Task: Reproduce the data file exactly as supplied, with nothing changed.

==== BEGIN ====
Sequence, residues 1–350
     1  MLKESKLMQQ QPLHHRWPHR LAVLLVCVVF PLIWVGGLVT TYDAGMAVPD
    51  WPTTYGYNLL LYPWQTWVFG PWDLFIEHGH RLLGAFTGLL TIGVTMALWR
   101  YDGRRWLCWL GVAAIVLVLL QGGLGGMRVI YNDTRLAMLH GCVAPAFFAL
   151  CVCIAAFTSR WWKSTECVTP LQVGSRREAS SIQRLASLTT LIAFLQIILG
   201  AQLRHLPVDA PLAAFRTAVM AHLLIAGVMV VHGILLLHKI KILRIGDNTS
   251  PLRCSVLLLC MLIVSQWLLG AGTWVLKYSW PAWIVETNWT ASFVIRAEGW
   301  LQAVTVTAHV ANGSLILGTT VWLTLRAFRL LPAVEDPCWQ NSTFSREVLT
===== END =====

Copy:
Sequence, residues 1–350
     1  MLKESKLMQQ QPLHHRWPHR LAVLLVCVVF PLIWVGGLVT TYDAGMAVPD
    51  WPTTYGYNLL LYPWQTWVFG PWDLFIEHGH RLLGAFTGLL TIGVTMALWR
   101  YDGRRWLCWL GVAAIVLVLL QGGLGGMRVI YNDTRLAMLH GCVAPAFFAL
   151  CVCIAAFTSR WWKSTECVTP LQVGSRREAS SIQRLASLTT LIAFLQIILG
   201  AQLRHLPVDA PLAAFRTAVM AHLLIAGVMV VHGILLLHKI KILRIGDNTS
   251  PLRCSVLLLC MLIVSQWLLG AGTWVLKYSW PAWIVETNWT ASFVIRAEGW
   301  LQAVTVTAHV ANGSLILGTT VWLTLRAFRL LPAVEDPCWQ NSTFSREVLT